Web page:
OTTAWA (Reuters) - Canadian inflation could spike above 4 percent for the first time since 2003 next year, double the central bank target rate, but the Bank of Canada looks unlikely to respond with rate hikes at any time soon.
Meeting unanimous market expectations, the Bank of Canada on Tuesday held its overnight lending rate at 3 percent, citing risks from a weak U.S. economy and financial market turmoil.
It backed away from a hawkish tone of just one month ago and signaled it may stand pat on rates for the rest of the year.
“The comments of the bank are in my view quite a bit more neutral than the previous time in June, so I think the bank is really moving on to not changing rates for quite a while,” said Carlos Leitao, chief economist at Laurentian Bank of Canada.
Markets initially pushed the Canadian dollar a notch lower, although the currency later rose to near a six-week high around US$1.002, or 99.77 Canadian cents to the U.S. dollar, as gloomy Fed comments drove the U.S. dollar lower.
In a statement announcing its interest rate decision, the Bank of Canada flagged higher inflation as the one development that has taken it by surprise.
But it made no hint of a future rate hike to rein in prices and suggested that the U.S. slowdown and the market turmoil made a future rate cut as likely as a future rate rise.
“Against this backdrop, the bank judges that the current level of the target for the overnight rate remains appropriate,” it said.
“The bank will continue to monitor carefully the evolution of risks, together with economic and financial developments in the Canadian and global economies, and set monetary policy consistent with achieving the inflation target over the medium term.”
The Bank of Canada targets inflation in a range between 1 percent and 3 percent. It next sets rates in seven weeks, on September 3.
In June, the bank surprised markets by keeping rates on hold instead of lowering them, halting a rate-cut cycle that had lopped 150 basis points off its key rate since December.
Soaring oil prices were behind that move and Governor Mark Carney followed up with a hawkish speech in which he promised a “relentless focus on inflation.”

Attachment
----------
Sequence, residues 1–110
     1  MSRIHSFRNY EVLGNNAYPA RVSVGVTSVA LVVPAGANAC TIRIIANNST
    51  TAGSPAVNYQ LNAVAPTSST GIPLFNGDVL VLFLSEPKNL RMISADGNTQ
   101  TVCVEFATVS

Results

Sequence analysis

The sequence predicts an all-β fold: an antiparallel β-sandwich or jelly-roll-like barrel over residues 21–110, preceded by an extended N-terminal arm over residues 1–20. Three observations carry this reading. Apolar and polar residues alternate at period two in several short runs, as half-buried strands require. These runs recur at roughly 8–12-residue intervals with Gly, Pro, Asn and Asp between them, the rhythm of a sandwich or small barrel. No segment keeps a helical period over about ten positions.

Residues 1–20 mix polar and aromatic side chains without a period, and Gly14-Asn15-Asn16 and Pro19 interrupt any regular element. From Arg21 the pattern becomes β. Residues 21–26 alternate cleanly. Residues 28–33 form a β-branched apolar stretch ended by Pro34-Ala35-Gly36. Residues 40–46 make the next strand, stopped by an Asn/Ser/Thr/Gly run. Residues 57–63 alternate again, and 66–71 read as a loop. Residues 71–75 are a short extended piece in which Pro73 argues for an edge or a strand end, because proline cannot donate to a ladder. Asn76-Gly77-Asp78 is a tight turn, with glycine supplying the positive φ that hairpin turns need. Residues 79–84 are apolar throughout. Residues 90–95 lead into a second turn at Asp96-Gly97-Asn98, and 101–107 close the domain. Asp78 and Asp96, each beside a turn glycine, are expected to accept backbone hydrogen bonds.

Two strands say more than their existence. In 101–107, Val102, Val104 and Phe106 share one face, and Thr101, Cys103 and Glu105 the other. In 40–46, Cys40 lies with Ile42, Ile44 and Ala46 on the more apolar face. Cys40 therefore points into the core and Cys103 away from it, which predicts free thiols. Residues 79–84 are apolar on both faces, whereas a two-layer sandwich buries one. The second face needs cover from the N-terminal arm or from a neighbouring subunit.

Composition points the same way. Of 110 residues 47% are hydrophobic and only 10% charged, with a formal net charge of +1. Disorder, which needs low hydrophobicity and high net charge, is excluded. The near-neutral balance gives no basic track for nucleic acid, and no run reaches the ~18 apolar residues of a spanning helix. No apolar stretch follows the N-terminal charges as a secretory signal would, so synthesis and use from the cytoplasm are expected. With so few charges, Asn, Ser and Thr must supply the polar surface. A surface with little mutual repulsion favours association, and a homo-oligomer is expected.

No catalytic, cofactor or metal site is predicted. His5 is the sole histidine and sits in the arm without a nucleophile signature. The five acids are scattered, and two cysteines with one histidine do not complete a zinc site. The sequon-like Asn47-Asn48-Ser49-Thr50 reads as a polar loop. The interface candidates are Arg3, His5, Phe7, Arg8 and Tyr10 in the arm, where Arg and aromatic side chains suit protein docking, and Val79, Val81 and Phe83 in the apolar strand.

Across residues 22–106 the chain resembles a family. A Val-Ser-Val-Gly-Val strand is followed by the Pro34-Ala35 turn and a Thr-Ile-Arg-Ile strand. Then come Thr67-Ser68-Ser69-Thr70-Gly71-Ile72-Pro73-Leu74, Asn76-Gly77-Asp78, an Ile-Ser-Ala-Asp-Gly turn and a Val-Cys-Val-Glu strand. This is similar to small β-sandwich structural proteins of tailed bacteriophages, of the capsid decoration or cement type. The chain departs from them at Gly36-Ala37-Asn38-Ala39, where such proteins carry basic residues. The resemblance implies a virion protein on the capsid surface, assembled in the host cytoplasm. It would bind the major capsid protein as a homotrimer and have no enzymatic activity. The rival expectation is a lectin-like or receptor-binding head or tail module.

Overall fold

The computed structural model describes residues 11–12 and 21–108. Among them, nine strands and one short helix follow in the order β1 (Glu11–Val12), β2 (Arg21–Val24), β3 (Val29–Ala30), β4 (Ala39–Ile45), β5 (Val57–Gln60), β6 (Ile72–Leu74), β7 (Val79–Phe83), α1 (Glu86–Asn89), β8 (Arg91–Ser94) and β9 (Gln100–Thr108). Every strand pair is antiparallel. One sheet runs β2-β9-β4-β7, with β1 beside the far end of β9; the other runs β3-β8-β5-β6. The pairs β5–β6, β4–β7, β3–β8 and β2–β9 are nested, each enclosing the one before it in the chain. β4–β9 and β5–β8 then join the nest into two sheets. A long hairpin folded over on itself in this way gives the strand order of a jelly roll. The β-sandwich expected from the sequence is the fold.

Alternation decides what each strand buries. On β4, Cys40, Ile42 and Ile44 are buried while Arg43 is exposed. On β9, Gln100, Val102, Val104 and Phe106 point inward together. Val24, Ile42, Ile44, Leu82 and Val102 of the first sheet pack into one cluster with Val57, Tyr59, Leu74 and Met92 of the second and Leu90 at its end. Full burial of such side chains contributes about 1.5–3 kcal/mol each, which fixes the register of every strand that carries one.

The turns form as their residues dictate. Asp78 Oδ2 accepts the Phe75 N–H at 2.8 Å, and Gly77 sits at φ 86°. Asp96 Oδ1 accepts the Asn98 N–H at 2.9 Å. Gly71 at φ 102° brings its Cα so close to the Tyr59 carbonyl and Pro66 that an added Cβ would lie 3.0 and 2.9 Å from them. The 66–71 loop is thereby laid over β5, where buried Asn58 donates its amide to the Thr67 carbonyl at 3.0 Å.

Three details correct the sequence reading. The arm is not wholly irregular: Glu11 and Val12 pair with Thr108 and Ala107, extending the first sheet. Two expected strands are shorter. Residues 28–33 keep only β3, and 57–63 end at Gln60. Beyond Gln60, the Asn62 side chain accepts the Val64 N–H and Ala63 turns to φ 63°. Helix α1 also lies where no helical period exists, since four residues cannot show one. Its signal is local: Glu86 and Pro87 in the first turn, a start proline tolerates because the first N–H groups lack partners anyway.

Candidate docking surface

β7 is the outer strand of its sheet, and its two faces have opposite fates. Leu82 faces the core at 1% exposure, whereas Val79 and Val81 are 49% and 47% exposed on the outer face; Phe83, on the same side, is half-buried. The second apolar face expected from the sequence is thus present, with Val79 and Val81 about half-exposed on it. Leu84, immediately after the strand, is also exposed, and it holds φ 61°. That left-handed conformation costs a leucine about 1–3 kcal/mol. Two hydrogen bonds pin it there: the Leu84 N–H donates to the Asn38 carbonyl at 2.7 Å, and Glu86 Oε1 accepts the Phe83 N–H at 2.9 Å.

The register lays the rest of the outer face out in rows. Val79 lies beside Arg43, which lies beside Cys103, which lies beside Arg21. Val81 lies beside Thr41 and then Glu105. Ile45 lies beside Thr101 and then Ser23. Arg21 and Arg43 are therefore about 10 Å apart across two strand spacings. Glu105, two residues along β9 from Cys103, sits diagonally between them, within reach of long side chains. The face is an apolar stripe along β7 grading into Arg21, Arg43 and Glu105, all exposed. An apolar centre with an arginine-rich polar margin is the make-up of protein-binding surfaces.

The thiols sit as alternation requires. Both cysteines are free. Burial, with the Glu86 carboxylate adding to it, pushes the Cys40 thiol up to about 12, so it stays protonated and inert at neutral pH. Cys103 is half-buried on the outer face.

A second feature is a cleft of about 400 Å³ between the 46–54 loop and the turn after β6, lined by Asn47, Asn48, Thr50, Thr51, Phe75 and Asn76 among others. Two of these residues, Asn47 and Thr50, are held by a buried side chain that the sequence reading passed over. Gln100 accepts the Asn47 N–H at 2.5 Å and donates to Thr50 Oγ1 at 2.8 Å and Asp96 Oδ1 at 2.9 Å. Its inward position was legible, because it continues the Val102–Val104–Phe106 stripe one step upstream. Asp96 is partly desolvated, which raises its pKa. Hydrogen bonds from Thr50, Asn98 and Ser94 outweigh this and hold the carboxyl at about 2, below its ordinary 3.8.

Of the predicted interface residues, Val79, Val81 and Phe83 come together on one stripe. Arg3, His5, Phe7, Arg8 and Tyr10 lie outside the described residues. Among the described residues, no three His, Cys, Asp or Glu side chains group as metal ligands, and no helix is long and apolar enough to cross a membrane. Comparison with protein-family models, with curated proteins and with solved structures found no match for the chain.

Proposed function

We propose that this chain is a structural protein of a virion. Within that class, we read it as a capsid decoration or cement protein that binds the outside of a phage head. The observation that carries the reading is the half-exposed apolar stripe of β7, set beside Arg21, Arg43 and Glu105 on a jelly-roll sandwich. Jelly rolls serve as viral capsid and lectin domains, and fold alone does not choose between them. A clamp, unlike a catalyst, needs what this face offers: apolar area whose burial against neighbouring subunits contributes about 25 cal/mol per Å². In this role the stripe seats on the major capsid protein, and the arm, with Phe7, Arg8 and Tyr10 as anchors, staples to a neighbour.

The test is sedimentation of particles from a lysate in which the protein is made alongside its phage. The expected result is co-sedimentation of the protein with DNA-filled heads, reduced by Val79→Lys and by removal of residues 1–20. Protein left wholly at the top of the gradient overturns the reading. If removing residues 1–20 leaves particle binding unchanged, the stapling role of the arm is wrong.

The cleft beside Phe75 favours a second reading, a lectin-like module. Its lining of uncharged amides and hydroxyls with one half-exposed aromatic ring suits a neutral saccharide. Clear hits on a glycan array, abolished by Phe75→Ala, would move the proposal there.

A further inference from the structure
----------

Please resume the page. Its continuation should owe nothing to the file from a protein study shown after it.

But analysts said the language on the “balance of risks” in Tuesday’s statement was decidedly more neutral.
“Our call is they don’t move until next year and I think I am comfortable with that call based on this,” said Doug Porter, deputy chief economist at BMO Capital Markets.
U.S. markets have also shifted away from rate hike predictions as high oil prices and the deepening credit crunch crimp consumer and investor confidence. Canada’s rate remains 1 percentage point above the 2 percent U.S. federal funds rate.
The Bank of Canada said inflation should spike sharply above its target range and peak at above 4 percent in the first quarter of 2009, assuming energy prices follow futures prices. That would bring inflation to its highest since March 2003.
But core inflation, which strips out volatile items like gasoline and food, will average just 1.5 percent through the third quarter. The bank sees both measures of inflation converging at 2 percent in the second half of 2009.
The bank cut its forecast for 2008 economic growth to 1 percent from 1.4 percent, and nudged its 2009 forecast down to 2.3 percent from 2.4 percent. It left its 2010 growth outlook unchanged at 3.3 percent.
The bank will release more details on its revised outlook on Thursday at 10:30 a.m.
Additional reporting by Frank Pingue in Toronto; editing by Janet Guttsman